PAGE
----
12 Varieties Of Avocados, Explained

Few foods have swept the nation as avocado has. With their alluring green and buttery flesh, irresistible creaminess, and nutritious natural fats, avocados are a super food that not only makes you feel good but is also delicious. So, how nutritious are avocados? According to Harvard University, avocados are a fantastic source of healthy fats, fiber, and vitamins such as C, B, and E. Now available in most grocery stores, the majority of the world's avocados are grown in Mexico. At the same time, California accounts for 90% of the avocados grown in the U.S., with Florida and Hawaii as runner-ups.

Jeff Wasielewski, a tropical growing extension agent at the University of Florida, explains that the Hass avocado is the most popular variety in the world. But do not be deceived! While the Hass variety may be the only avocado you are used to seeing, there are many others. Jeff Wasielewski says that most of the country's Hass and Bacon avocados are grown in California, while other lower-fat content avocados, like the Monroe, are explicitly grown in southern Florida, where it is very tropical. Some avocados are great for cooking and baking, others are lighter in flavor, and some are rich and creamy. If you are an avocado lover, or even if you are not, there is a variety for everyone.


The Hass avocado originates from sunny California, where the vast majority of the U.S.'s avocados are grown. In 1920 the first Hass avocado tree was planted by Rudolph Hass, and ever since, the Hass avocado has been a hot commodity. With pebbly, dark green, almost black skin and weighing from five to 12 ounces, Hass avocados are a fan favorite across the U.S. (via Specialty Produce). Perfect for any salad, toast, or dip today, this avocado variety is so beloved it accounts for 95% of avocado sales across America.

Avocados are nutritious and delicious. It is undeniable that avocados are nature's butter, besides actual butter, of course, and this has made their global demand skyrocket in the past couple of decades. Hass avocados have taken the lead in this green wave of avocado-everything because of the tree's high yield and flavor.. This makes Hass avocados relatively affordable to grow and absolutely delicious to eat. Expert avocado grower Jeff Wasielewski further explains that Hass avocados are so popular because of their high fat content, which makes them very creamy and, therefore, irresistible.


While no, Bacon avocados have nothing to do with actual bacon, they are absolutely delicious! According to Produce Market Guide, Bacon avocados are ovular in shape and have dark green skin that is easy to peel. The inside fades from a dark green around the outer edge, to a lighter green towards the pit, while the flesh maintains a mild flavor. Bacon avocados are a popular alternative to the Hass variety. Jeff Wasielewski says that many of the Bacon avocados in the U.S. are grown in California and Mexico, where the climate is mild and sunny.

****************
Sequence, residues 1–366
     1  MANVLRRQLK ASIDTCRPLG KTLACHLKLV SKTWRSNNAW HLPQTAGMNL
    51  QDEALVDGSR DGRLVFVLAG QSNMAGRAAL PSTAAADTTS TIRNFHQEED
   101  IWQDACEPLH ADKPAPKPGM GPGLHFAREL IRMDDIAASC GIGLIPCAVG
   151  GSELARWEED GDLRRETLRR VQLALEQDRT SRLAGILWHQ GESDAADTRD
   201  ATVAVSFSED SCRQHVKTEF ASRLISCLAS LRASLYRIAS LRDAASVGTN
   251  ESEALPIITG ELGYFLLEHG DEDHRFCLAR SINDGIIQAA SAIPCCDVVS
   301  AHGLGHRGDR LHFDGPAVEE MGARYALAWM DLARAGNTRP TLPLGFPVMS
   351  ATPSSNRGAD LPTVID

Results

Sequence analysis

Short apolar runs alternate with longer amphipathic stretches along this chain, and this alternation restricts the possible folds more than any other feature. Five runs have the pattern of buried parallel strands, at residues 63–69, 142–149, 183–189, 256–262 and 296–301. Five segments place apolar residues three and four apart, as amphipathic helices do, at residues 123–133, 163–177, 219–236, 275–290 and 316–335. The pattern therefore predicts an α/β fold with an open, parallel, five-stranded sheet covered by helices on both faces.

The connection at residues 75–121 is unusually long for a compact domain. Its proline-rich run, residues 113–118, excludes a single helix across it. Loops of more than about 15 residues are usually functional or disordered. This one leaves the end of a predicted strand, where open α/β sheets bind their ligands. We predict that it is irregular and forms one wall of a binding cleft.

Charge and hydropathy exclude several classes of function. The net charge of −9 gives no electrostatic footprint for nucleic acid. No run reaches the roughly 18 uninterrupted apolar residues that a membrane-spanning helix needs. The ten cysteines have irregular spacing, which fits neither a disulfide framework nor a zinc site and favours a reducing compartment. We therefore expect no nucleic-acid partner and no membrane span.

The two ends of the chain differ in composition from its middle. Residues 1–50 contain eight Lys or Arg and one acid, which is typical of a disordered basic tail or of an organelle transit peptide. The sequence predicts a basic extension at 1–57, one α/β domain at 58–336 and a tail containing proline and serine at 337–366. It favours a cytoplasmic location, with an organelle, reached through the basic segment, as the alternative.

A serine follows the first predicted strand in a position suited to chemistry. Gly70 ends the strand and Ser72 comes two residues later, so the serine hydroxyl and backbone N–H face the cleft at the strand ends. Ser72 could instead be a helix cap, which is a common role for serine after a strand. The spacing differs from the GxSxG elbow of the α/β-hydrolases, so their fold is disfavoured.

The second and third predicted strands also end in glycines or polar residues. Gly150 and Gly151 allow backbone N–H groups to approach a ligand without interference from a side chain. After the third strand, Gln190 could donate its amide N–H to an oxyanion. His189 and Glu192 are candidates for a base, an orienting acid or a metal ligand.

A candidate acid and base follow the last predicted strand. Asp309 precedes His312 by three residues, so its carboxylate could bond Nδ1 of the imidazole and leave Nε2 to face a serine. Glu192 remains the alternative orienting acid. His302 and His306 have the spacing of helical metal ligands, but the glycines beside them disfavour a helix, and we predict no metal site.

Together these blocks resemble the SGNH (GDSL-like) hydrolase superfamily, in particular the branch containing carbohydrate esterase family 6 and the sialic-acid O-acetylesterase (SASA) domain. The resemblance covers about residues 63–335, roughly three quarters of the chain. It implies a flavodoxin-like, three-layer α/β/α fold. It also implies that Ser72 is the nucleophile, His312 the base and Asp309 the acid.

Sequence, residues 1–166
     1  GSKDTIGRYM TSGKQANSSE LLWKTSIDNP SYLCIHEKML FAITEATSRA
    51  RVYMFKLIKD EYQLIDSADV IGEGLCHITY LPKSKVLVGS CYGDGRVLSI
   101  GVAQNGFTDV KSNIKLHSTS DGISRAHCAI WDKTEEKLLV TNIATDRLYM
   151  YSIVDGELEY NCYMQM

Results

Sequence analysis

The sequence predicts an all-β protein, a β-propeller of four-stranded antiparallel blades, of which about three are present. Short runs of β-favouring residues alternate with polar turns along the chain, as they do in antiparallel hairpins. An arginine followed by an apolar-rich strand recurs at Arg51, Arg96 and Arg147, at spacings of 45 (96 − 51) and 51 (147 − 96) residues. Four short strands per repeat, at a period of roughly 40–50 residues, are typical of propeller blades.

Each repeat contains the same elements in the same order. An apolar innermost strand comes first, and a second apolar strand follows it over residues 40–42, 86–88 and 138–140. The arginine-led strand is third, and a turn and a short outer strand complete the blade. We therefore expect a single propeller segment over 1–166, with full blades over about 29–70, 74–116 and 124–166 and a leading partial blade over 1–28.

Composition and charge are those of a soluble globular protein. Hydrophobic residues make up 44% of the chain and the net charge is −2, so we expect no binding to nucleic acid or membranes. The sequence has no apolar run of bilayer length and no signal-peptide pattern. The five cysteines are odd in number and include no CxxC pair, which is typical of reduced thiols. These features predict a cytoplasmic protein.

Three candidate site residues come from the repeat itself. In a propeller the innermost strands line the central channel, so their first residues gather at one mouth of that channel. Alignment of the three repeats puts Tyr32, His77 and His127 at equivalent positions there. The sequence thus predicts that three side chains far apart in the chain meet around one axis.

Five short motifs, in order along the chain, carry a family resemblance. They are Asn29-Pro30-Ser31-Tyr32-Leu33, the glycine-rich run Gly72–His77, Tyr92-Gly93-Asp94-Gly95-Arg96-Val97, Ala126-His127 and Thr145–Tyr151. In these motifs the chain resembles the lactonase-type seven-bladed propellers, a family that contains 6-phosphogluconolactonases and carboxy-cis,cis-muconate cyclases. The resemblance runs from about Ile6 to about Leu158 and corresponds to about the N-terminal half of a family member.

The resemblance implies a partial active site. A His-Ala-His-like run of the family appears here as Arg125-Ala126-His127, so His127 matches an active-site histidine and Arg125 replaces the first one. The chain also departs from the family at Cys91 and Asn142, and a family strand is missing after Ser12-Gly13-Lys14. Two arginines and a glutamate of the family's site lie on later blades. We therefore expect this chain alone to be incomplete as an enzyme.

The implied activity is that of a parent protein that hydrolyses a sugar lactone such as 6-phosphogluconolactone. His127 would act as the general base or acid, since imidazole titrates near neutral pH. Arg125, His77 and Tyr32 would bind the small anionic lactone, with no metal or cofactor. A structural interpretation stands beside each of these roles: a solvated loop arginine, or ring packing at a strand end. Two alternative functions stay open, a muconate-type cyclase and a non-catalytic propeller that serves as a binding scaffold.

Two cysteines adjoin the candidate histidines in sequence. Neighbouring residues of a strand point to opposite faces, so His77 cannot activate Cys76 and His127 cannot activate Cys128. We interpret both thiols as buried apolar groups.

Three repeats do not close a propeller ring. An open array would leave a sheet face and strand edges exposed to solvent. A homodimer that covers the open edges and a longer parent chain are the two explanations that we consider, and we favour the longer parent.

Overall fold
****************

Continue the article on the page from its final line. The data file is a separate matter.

These avocados were not named after a breakfast staple but after James Bacon, the first Bacon avocado farmer who bred this variety in 1954 (via Daily Harvest Express). What sets Bacon avocados aside from other avocados, besides their name, is that they are incredibly easy to peel and have a nutty, light flavor. This makes them a fantastic choice for your next sandwich, where you can indulge in two types of bacon: crispy bacon and creamy Bacon avocados.


Do you love scoping avocado straight from the skin, seasoning it with a tiny dash of salt, and then savoring all the buttery goodness in one big bite? Well, if you do, the Reed avocado is the perfect avocado for you. One of the largest avocado varieties, Reed avocados can grow to be larger than a softball and weigh over a pound (via Specialty Produce), meaning that one avocado will become a feast. More importantly, Reed avocados are often celebrated as the best-tasting avocado variety thanks to their rich, nutty flavor.

Reed avocados are classified as type A avocados, meaning their skin remains green even when ripe. Type B avocados like Hass become very dark, almost black, when ripe. Therefore, if you get a Reed avocado, Specialty Produce recommends that you gently squeeze your avocado to see when it is ripe. If the flesh feels tender – stop squeezing! It is probably ready to eat. If you only have the appetite for one half, you can store the other half of the avocado in a water bath to keep it from oxidizing.


A beautiful characteristic of the Lula avocado is its heartiness to cold, meaning that the trees can produce, when healthy, in temperatures as low as 25 degrees Fahrenheit (via Yarden). Compared to other tropical varieties, this sets the Lula apart. If you are lucky enough to have a Lula avocado tree, you can expect your fruit to be ready in mid-October. You can do a taste test around this time and see if the flavor and texture are spot-on.